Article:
Following my Tindall line has led me from Dale County, Ala., to South Carolina.

QUICK RECAP: My dad’s paternal grandmother was Mamie Gilley Nance. She was the only daughter of Frank and Flora (Brown) Gilley. Frank Gilley was most likely an ex-slave who changed his name from Frank Tindall to Frank Gilley. His parents were Seaborn and Hannah Tindall, who were both born in South Carolina in the 1820s. In 1866 the Tindalls were living in Dale County, Ala., presumably as freedmen.

I checked out the 1860 and 1850 U.S. Federal Census slave schedules for any slaveholding Tindalls in Dale County. I found quite a few. But there was only one who was from South Carolina. His name was James Tindall. He was born around 1796, and according to U.S. Census data, had been living in Alabama since at least 1850. He remained in Dale County until Reconstruction, when he and his wife moved to Geneva County, Ala., and were living with Sarah and Henry Drew (presumably a daughter and son-in-law?)

My theory is that Seaborn and Hannah were brought from South Carolina to Alabama with their master or masters. The 1870 U.S. Census  notes that they were born in South Carolina. I did a little more digging and discovered that the South Carolina Tindalls were a large slaveholding family. So far, I haven’t been able to connect James Tindall with any other family members except for his wife, Cassander.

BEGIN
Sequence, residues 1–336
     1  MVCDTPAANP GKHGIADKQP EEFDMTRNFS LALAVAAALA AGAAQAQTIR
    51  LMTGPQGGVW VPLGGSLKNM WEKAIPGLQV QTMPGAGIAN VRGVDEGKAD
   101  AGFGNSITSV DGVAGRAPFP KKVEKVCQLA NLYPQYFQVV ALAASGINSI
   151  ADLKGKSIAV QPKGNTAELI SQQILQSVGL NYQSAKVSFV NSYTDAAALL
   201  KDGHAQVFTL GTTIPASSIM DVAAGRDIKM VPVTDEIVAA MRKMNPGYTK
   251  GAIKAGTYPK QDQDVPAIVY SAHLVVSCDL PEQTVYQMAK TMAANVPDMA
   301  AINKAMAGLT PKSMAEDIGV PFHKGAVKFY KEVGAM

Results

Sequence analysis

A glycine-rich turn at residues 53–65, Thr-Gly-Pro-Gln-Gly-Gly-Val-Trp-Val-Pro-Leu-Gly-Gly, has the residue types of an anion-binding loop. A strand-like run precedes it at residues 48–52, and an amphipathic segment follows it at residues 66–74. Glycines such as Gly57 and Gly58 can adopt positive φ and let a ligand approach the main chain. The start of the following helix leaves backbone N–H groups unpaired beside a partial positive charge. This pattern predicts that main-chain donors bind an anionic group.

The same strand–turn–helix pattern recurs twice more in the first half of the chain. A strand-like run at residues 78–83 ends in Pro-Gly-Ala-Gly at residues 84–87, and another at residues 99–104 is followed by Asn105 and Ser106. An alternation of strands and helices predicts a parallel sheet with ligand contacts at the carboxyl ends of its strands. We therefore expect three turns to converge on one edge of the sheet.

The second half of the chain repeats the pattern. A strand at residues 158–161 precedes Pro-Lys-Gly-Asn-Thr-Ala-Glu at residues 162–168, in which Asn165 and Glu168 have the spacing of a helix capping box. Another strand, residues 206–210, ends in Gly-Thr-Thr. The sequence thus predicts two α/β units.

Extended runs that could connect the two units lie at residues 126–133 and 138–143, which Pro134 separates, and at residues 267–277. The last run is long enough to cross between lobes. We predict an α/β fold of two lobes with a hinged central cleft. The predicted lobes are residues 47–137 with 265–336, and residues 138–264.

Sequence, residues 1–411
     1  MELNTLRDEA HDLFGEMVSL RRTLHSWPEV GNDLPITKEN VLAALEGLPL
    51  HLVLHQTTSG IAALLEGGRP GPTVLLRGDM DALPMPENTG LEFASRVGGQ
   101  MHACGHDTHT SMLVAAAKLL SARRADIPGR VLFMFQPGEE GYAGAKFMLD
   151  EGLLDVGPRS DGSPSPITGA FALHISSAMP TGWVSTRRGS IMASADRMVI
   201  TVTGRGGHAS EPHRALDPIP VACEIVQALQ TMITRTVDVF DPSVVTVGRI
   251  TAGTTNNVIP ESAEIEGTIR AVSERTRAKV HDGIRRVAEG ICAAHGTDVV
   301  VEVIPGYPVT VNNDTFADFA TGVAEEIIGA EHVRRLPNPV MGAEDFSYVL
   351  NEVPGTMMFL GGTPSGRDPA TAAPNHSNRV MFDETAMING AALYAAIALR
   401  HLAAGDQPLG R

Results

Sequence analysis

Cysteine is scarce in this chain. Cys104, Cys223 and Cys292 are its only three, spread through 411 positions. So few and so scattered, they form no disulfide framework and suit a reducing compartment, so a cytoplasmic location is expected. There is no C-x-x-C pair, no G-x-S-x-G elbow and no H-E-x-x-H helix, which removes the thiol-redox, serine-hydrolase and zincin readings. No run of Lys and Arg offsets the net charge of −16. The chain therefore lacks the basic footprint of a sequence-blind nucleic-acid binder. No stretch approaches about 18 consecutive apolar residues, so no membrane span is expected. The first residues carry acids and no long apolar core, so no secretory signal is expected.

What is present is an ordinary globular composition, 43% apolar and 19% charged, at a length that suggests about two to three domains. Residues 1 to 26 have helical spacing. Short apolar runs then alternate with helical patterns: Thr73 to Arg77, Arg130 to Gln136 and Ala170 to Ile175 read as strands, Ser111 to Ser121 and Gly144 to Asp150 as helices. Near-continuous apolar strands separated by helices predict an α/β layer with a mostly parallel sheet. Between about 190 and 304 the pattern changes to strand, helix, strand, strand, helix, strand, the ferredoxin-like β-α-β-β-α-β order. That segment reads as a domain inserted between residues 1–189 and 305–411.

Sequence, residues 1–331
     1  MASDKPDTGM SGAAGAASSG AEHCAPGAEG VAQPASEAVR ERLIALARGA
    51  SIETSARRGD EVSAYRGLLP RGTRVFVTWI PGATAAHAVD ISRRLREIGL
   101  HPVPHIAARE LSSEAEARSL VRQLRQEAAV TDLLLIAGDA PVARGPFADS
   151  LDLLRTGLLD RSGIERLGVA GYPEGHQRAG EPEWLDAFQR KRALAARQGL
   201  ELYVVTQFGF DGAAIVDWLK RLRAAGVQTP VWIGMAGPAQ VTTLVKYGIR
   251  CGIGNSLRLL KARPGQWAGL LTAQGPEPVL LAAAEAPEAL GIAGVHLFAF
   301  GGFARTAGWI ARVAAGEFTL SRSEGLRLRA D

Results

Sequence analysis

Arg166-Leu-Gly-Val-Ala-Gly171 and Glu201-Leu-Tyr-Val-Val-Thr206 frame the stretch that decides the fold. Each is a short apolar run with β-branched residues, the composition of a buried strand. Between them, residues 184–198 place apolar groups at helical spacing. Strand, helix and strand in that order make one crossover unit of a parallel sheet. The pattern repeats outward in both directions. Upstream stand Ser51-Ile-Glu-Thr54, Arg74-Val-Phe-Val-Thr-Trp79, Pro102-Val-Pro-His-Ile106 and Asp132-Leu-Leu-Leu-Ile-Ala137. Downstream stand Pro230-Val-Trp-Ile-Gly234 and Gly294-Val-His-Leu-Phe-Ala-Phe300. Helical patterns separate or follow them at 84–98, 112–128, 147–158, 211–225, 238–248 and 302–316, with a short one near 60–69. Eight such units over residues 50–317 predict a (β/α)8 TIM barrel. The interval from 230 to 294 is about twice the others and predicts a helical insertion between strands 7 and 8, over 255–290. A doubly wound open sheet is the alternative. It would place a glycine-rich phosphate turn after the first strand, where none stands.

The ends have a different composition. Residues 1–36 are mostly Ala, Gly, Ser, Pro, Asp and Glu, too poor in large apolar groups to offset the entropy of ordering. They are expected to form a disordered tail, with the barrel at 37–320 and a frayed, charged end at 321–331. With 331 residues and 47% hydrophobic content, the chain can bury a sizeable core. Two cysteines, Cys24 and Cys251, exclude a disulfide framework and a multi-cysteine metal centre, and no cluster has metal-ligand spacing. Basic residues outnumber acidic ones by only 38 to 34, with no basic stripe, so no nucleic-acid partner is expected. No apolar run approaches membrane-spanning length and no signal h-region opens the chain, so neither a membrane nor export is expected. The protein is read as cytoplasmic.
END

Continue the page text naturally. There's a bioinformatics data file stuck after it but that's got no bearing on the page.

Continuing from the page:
I stumbled across the South Carolina Department of Archives and History Web site a few weeks ago. Lucky for me– and other researchers– thousands of images have been uploaded, including wills. To my delight, the index is chock full of Tindalls. I hope I can find the Tindalls I’m looking for!

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